If you have questions about creating a podcast or you would like to talk to someone from the Jones Media Center, please email firstname.lastname@example.org and we’ll get back to you soon!
Start at the beginning...
Write down the key reasons why somebody should tune in to your podcast
Who's your audience?
What's the hook?
How are you going to tell the story?
Transitioning from writing for the page to writing for the spoken word….
“A microphone is like an ear. It doesn’t just hear your voice; it hears where you are.”
If you just need to record yourself there are a variety of apps and programs to do so.
If you plan to use a smartphone and a want higher quality recording than the default voice recording app may provide, there are third-party apps available, such as Voice Record Pro (Android and iOS) or Recorder (iOS only). Regardless of what app you choose to use (default or third-party), recording with a microphone headset (headphones//earbuds with mic) will improve the quality as you will be closer to the mic. If you do not have a headset for recording with your phone, place or prop up the device to your ear, rather than holding it out in front of you. This will give you better sound quality. When you're finished recording, export the file/s from the app and share it with yourself (via email, text message, Airdrop, whichever works for you) . Then import the audio file into your choice of editing software.
Every audio editing program will also let you record audio directly into it, though some are more complicated than others. For recording yourself, use some kind of microphone and headphones to ensure the best audio quality possible. Audacity is a free program for Macs and PCs that is very good for basic recording. Depending on your experience and project, you might also want to investigate programs like GarageBand (Mac only), Adobe Audition (Mac or PC), or Reaper (Mac or PC). While Adobe Audition requires a Creative Cloud subscription, Dartmouth Arts and Sciences students have free access to The Adobe Creative Cloud Suite - Dartmouth Access to Creative Cloud Suite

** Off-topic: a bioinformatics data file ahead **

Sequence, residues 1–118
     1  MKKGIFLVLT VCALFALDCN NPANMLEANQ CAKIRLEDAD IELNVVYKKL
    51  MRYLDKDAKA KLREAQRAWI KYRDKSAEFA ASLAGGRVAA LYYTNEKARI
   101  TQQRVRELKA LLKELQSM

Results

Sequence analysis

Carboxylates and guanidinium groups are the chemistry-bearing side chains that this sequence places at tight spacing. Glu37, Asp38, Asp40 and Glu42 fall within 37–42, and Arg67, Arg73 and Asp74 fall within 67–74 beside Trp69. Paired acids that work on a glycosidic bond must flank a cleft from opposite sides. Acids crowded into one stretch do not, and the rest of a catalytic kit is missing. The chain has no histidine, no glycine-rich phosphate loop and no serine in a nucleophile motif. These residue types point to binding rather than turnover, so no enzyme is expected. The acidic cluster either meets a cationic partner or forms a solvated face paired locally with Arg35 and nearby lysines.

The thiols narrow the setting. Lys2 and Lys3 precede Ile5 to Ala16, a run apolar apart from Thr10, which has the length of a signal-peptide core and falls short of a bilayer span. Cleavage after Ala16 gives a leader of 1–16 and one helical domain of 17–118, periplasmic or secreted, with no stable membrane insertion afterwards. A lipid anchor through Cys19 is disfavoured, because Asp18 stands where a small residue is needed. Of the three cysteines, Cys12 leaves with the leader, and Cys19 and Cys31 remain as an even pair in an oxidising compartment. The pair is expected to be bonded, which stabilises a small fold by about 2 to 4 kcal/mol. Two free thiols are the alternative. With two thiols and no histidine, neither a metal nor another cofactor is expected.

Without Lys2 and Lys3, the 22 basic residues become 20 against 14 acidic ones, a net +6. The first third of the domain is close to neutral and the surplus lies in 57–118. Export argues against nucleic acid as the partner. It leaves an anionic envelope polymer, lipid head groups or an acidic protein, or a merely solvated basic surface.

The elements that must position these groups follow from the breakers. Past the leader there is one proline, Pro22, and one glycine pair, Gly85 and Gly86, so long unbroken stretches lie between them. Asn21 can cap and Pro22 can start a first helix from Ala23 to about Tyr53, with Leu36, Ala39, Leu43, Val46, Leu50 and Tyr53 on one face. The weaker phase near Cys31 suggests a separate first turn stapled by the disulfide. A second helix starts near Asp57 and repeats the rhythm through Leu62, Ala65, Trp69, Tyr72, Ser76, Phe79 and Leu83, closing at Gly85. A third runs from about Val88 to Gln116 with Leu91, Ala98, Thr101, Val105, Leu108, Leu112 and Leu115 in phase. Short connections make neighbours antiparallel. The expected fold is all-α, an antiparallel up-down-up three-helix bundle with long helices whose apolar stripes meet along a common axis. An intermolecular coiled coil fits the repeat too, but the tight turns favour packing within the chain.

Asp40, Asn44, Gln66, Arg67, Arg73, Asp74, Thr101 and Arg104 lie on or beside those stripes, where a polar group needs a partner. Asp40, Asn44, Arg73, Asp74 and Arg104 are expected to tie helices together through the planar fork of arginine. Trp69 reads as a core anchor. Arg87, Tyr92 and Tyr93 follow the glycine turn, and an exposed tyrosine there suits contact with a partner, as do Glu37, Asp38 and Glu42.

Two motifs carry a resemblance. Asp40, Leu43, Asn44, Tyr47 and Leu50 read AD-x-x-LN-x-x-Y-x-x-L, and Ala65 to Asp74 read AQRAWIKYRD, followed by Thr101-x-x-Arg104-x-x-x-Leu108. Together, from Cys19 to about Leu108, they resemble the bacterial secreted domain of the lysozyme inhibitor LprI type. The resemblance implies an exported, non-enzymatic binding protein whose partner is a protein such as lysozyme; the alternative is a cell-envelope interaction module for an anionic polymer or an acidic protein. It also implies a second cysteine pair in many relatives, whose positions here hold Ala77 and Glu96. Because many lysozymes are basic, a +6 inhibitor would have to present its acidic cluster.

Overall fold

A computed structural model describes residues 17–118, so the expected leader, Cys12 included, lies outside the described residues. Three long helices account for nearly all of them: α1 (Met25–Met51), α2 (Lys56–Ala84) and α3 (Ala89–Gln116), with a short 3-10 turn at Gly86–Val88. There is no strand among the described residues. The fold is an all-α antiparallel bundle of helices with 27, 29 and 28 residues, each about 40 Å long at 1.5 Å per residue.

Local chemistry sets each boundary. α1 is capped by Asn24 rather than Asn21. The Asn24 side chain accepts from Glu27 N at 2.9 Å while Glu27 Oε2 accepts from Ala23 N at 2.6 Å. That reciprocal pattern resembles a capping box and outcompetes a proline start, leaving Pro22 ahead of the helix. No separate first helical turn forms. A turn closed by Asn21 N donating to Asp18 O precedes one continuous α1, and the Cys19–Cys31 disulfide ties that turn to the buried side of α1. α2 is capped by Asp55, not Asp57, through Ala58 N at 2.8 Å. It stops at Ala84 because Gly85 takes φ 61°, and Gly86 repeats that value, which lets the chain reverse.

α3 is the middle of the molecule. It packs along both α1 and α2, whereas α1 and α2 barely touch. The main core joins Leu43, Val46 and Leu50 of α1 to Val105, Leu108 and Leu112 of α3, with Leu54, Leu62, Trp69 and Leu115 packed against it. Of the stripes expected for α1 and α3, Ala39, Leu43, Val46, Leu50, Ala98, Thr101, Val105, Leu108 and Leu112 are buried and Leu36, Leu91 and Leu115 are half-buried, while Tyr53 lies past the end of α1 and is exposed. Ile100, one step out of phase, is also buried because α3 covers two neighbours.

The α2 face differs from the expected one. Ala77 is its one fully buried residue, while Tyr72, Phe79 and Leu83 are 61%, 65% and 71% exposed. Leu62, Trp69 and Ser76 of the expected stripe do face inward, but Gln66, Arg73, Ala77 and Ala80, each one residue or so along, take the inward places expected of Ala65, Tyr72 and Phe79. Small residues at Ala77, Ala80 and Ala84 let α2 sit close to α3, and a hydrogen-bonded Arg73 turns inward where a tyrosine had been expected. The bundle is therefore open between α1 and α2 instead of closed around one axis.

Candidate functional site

How to Sound Pretty Good on a Podcast: Useful Advice for Beginners
"Smile when you are speaking. I am loathe to tell anyone to smile. Unfortunately, human beings sound like absolute serial killers on audio if we don’t take some precautions. Smiling makes you sound nice. It just does. I’m sorry. In other news of annoying things you can do to sound better, try recording while standing up. This can make you sound more dynamic and help keep you focused. I hate it and it works.”
Your choice of editing program should be determined by the story of your project and the amount of editing you need to do to tell that story. Here are some rough guidelines to choosing the platform that would work best for your project:
Audacity (Mac and PC)
GarageBand (Mac only)
Adobe Audition (Mac and PC)
Please note that Reaper is a very similar program to Adobe Audition that has the same basic functionality and does not require a Creative Cloud subscription.
"...The mini-unit below walks students through the process of analyzing the techniques that make for good storytelling, interviewing and podcasting. The activities culminate in students producing their own original podcasts."
A collaborative database of creative-commons licensed sounds
BBC Sound Effects
The BBC’s collection now gives you access to a huge collection of sounds for different objects, locations, and actions.
Videvo Royalty Free Music
Browse by music category, mood, instrument, and more to find music for your media compositions.
Videvo Sound Effects
Browse a variety of categories such as 'Human' or 'Foley' to find sound effects that will enhance your media composition.
Browse a wide range of musical genres and download creative-commons licensed music
Free music for personal, educational, and commercial use
Artists contribute music under a Creative Commons license; listeners can remix and use the music in their projects
This search includes all libraries on campus; note the location and call number.